151.       This option is also preferred according to the results of the public consultation. 95% of the answers consider appropriate to set up a Public Private Partnership in aeronautics under Horizon 2020. Most of the participants agree (39%) or strongly agree (50%) with the fact that the PPP in aeronautics research should focus on large-scale demonstration of new promising technologies. In addition, the majority of the answers (41% favourable and 33% very favourable) are in support of setting up a dedicated legal structure with a lighter approach.

152.       In addition, this option is supported by the industry, which has indicated its commitment for the continuation of the activities and has signed a Letter of Intent in September 2012.

153.       Therefore it is recommended to implement this option as the most adapted to achieve the defined objectives in Chapter 3.

6.2.1.     Scope

154.       The CS2 will address the most promising aircraft technologies capable of improving the environmental performance and the EU industry competitiveness. These technology developments will fully take into account the compatibility with potential alternative fuels under development.

155.       CS2 will build on the successful features of Clean Sky such as project-like character with a relatively small number of well-focussed demonstrators and clearly set deadlines. In addition to the development of new technologies, CS2 is also building upon technologies and demonstrators developed under Clean Sky, FP7 and national research programmes. The next figure demonstrates the links between Clean Sky and Clean Sky2.

Figure 7: Linkages between Clean Sky and Clean Sky 2

156.       Most Clean Sky activities will continue after the possible start of CS2 in 2014 and key results from demonstrators will become available in the 2015-2016 period. Transition from Clean Sky to CS2 is, therefore, expected to be progressive and the technical and managerial continuity between Clean Sky and CS2 will be ensured for a seamless transition of activities.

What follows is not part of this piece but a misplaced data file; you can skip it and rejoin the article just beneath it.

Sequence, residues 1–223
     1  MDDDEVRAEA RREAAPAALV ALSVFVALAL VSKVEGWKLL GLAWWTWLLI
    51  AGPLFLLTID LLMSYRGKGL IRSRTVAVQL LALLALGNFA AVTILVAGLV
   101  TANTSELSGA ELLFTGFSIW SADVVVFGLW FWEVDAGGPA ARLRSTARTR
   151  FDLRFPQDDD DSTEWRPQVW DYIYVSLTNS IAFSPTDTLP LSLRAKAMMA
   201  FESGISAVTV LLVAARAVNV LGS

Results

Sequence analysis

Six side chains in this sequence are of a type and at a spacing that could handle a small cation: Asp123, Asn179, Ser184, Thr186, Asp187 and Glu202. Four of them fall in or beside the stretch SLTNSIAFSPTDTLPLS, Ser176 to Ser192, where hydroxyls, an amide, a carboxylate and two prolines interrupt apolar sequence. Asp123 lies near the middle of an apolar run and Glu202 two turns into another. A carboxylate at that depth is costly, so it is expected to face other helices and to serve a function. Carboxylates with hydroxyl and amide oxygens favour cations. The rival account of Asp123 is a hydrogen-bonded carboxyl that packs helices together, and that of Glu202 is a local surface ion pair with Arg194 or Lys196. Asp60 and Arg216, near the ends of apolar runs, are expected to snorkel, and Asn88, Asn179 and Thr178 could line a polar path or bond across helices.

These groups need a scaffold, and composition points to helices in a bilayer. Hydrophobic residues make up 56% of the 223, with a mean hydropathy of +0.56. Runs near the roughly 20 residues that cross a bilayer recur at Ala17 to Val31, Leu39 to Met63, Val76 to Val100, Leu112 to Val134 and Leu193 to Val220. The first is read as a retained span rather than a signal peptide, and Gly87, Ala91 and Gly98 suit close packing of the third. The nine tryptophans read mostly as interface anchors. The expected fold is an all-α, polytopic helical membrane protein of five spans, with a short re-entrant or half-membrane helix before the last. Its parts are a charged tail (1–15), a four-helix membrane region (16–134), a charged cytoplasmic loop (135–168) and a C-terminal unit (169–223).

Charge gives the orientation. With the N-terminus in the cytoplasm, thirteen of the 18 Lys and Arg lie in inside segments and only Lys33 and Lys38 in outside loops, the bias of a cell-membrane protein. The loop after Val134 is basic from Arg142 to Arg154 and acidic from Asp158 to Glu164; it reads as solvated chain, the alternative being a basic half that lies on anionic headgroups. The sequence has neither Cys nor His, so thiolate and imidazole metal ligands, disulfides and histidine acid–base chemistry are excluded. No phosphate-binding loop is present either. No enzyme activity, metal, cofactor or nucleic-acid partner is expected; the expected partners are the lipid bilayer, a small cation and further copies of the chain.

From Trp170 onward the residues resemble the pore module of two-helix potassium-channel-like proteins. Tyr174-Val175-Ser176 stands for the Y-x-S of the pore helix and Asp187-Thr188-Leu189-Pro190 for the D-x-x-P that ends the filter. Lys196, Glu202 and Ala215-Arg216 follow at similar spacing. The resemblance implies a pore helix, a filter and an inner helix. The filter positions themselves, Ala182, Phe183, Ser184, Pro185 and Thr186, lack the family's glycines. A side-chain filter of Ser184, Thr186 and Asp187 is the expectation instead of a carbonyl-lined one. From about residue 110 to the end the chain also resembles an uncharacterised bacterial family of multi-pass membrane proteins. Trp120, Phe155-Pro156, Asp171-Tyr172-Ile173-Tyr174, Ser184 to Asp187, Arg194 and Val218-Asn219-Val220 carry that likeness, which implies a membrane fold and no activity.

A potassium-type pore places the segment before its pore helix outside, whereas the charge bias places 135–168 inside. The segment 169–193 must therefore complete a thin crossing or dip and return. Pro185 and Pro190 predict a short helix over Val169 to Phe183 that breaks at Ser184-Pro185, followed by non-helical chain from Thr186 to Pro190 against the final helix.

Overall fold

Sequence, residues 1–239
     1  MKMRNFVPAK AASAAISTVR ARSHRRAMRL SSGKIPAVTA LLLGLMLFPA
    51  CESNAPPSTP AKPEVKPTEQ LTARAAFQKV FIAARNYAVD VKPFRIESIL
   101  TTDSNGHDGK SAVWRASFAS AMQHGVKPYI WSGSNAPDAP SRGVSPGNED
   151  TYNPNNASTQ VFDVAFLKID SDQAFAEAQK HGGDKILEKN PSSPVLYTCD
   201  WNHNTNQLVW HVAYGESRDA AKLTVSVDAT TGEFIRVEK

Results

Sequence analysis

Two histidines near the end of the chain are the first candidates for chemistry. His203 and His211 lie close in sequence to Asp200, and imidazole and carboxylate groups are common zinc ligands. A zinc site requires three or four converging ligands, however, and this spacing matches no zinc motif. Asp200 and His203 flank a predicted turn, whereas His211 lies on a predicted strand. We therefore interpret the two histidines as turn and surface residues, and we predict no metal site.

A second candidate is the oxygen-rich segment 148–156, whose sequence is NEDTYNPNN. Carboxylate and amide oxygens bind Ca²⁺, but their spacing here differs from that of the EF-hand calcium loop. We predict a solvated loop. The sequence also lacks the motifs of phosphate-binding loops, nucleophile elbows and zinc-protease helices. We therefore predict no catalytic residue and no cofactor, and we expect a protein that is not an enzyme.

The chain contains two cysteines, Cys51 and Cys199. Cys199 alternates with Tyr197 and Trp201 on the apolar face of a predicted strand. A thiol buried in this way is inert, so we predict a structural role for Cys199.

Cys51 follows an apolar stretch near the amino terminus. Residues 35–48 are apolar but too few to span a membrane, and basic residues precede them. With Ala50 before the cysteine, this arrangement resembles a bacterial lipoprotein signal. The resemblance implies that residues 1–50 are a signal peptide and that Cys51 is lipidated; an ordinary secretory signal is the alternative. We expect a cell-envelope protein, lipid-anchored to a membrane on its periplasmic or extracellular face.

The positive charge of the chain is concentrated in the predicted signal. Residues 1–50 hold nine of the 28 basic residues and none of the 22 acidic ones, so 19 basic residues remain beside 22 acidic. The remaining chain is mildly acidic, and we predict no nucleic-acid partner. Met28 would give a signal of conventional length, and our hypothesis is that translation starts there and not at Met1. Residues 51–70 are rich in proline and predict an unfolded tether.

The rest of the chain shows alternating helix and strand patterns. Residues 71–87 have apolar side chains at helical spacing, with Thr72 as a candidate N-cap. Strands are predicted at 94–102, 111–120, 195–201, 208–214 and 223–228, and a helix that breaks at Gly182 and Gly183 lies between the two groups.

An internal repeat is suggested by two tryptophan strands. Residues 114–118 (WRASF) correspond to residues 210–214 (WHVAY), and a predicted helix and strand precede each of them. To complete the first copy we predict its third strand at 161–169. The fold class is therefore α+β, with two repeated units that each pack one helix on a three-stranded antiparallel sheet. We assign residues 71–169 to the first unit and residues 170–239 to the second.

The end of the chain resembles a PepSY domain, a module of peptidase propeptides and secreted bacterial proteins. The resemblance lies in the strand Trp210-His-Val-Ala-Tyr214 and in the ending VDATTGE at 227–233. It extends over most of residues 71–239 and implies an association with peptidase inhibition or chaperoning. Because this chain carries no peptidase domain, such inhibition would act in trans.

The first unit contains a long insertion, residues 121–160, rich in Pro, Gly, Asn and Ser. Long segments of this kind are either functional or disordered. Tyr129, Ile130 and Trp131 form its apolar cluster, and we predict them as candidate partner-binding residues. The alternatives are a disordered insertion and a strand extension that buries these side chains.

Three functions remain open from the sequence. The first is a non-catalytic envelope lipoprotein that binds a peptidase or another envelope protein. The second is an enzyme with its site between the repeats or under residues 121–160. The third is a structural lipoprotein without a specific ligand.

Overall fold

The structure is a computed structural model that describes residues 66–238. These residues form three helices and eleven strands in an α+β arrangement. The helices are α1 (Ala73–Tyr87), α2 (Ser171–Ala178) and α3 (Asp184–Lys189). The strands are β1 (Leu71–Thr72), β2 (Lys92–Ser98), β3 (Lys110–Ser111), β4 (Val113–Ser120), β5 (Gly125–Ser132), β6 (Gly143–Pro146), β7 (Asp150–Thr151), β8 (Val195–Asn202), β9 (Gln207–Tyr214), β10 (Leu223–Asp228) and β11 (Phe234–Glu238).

6.2.2.     Structure

157.       Two complementary types of demonstrator activities are proposed for CS2:

(a) Three demonstrators (Innovative Aircraft Demonstrator Platforms - IADP) at the higher level of integration of full vehicle platforms to carry out final testing of aircraft systems in all flying segments (large aircraft, regional aircraft, rotorcraft) at the highest research level (TRL6) in view of future certification.

(b) Three transversal Integrated Technology Demonstrators (ITD) focussing on airframe, engine and systems and including electrical taxing and sustainable life-cycle.

158.       In addition, a Technology Evaluator will assess routinely technological progress and impact while promising knowledge spill-overs to other modes of transport.

159.       Close coordination will be ensured with the Single Sky technology development under SESAR and also with EC research activities on sustainable alternative fuels.

6.2.3.     Budget

160.       The current industry estimation is that the cost of the CS2 programme is €4.05 billion. The EU will contribute with €1.8 billion from the Horizon 2020 programme budget. The industrial partners will contribute with €2.25 billion. €1 billion of the industrial commitment will be through additional activities that are not included in the work plan of the JTI but contribute to the programme objectives. The significant increase compared to the previous programme is due to the higher level of integration and its in-flight demonstration at full-scale level requiring complete aircraft architectures. The private members will contribute on a 50/50 basis to all CS2 administrative cost.

161.       The indicative split between different activities (ITDs, IADPs and Technology evaluator ), based on the assessment of the draft technical programme, is as follows:

Clean Sky 2 || 100%

IADPs ||

Large passenger aircraft || 32%

Regional aircraft || 6%

Rotorcraft || 12%

ITDs ||

Airframes || 19%

Engines || 17%

Systems || 14%

Transverse activities ||

Technology Evaluator || 1% of the above IADP/ITD values

Eco-DESIGN Transverse Activity || 2% of the above IADP/ITD values

Small Air Transport Transverse Activity || 3% of the above IADP/ITD values

6.2.4.     Governance and organisation

162.       Based on the lessons learnt from Clean Sky, it is proposed to use the current Joint Undertaking structure as a baseline. In particular, the Governing Board, ITD Steering Committees, National States Representative Group, Scientific and Technology Advisory Board and the General Stakeholders Forum will be maintained.

163.       The proposed CS2 membership, including the Commission, Leaders and Core Partners, is also similar to that of Clean Sky.

164.       To address the challenges with respect to complexity and cost-effectiveness, as highlighted by the expert reports, the JU interim evaluation and the Court of Auditors reports on JUs, the following key elements will simplify and improve the legal framework, governance, and operational modalities: